Our measures involve not only some large capital expenditure volumes, but also a large number of highly complex projects. Changes to the legal framework, delays in implementation (due among other things to more extensive public participation), necessary adjustments during terms often lasting several years, deviations from the ramp-up curve of funds for capital expenditures agreed with the Federal Government, or changes to purchase prices may lead to project and liquidity risks. The networked production structure means that these can also affect a number of business units. For example, in such cases planned modal shifts from road to rail will not be feasible. We keep up to date with this by closely monitoring projects. This applies in particular to large, centrally managed projects.
In implementing the planned measures from various programs, such as the Agenda for a Better Railway for the integrated rail system, or Primus at DB Schenker, there is the risk that it will either not be possible to implement the planned effects at all, or only to a limited extent, and/or with delays. At the same time, however, there is also the opportunity to exceed the planned effects.
As a key element of the German Rail Reform, the Federal Government has the constitutional obligation to finance capital expenditures in rail infrastructure. The key factor here is securing sufficient funding, but also the ability to plan the availability of funding for the existing network as well as new construction and expansion (requirement plan capital expenditures). A limited availability may lead to less funding being available to maintain the existing network or overcome shortages, thereby restricting the competitiveness of rail as a mode of transport.
We have an agreement with the Federal Government that sets out the financing of the existing network until 2019. The LuFV II and the associated long-term securing of infrastructure quality and availability improve the attractiveness of rail as a mode of transport in the long term, which also results in higher revenues for infrastructure companies. Negotiations regarding a successor agreement (LuFV III) are ongoing.
The profits of infrastructure companies in turn are plowed back into the infrastructure via the financing circle. Risks result from a potential failure to achieve the contract objectives specified in the LuFV II and from a possible reclaim by the Federal Government based on an audit of the proper application of funds.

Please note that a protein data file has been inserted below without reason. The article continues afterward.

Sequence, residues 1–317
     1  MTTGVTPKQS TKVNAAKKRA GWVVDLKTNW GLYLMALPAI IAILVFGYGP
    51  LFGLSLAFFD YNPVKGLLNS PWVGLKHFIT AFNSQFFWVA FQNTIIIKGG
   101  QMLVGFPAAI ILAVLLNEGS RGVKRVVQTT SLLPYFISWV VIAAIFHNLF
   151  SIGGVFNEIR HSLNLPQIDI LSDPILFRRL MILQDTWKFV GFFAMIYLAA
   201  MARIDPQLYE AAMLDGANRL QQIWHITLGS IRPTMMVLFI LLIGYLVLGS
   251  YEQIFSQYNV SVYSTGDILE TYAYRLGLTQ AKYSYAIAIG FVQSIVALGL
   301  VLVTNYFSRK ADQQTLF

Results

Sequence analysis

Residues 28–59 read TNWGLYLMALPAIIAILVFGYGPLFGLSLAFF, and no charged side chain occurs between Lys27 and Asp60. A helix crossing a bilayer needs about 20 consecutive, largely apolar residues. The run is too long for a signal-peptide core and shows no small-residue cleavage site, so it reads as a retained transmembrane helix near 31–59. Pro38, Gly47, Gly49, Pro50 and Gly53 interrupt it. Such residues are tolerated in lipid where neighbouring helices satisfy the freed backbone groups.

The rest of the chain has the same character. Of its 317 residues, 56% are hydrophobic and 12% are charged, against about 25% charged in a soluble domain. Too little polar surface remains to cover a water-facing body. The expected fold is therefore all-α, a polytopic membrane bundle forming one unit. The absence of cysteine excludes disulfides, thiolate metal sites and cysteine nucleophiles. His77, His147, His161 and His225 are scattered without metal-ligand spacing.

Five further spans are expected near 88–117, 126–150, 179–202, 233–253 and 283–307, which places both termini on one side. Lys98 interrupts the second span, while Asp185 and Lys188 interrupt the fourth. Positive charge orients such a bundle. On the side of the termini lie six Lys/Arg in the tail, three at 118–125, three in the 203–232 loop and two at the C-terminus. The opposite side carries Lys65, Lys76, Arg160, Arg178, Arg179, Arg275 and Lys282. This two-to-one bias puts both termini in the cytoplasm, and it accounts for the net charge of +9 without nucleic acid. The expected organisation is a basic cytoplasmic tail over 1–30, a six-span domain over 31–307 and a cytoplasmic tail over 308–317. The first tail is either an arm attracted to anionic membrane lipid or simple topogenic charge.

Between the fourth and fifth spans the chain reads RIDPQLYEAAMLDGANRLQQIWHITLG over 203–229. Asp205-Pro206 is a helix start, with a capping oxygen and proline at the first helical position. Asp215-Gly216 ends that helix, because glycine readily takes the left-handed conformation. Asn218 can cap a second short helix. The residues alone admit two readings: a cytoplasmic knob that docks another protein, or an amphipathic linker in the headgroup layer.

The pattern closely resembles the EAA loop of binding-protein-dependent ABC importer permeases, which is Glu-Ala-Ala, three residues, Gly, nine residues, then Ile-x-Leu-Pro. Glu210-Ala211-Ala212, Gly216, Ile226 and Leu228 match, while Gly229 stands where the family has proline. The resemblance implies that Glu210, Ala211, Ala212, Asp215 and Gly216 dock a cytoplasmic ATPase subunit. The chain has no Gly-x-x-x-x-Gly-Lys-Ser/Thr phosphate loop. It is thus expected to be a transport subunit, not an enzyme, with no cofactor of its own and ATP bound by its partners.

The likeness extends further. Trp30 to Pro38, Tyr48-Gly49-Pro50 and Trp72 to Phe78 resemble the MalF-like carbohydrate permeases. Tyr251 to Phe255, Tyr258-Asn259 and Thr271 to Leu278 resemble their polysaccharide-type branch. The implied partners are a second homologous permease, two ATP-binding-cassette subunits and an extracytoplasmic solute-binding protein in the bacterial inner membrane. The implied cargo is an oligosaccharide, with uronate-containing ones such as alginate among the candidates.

The economic sustainability of capital expenditures or contributions to capital expenditure projects funded with DB funds is essential to ensure DB Group’s ability to invest in the long term.
DB Group is active in Great Britain through DB Arriva, DB Schenker and DB Cargo. The ongoing uncertainty regarding the modalities of Great Britain’s exit from the European Union (Brexit) poses a risk to our activities. Here, it is primarily a weakening of the British economy and new trade restrictions hindering freight transport that may have a negative impact. DB Group is counteracting this risk by preparing as best as possible for a so-called “disorderly Brexit” (Brexit without any exit agreement).
EUROFIMA has given loans to state-owned railways in states that now have poor credit ratings. If these state-owned railways fail to meet their financial obligations to EUROFIMA, this could have repercussions for the carrying amount of the investment, and under certain circumstances trigger further financial obligations.
Unique environmental features, such as climate-neutral transport services in passenger and freight transport on the basis of renewable energies, improve our customers’ positive opinions and thus improve our external perceptions. This results in considerable opportunities. Our activities have a positive effect on the reduction of greenhouse gases and can also have a positive influence on customer satisfaction and our market position. Our mobility offer must become CO₂-free throughout in order to secure the climate advantage.
Strengthening of environmental protection laws also presents opportunities and risks for DB Group. Opportunities arise primarily for the public passenger transport, particularly rail transport. However, measures such as bans on diesel may also have negative impacts on our bus service activities.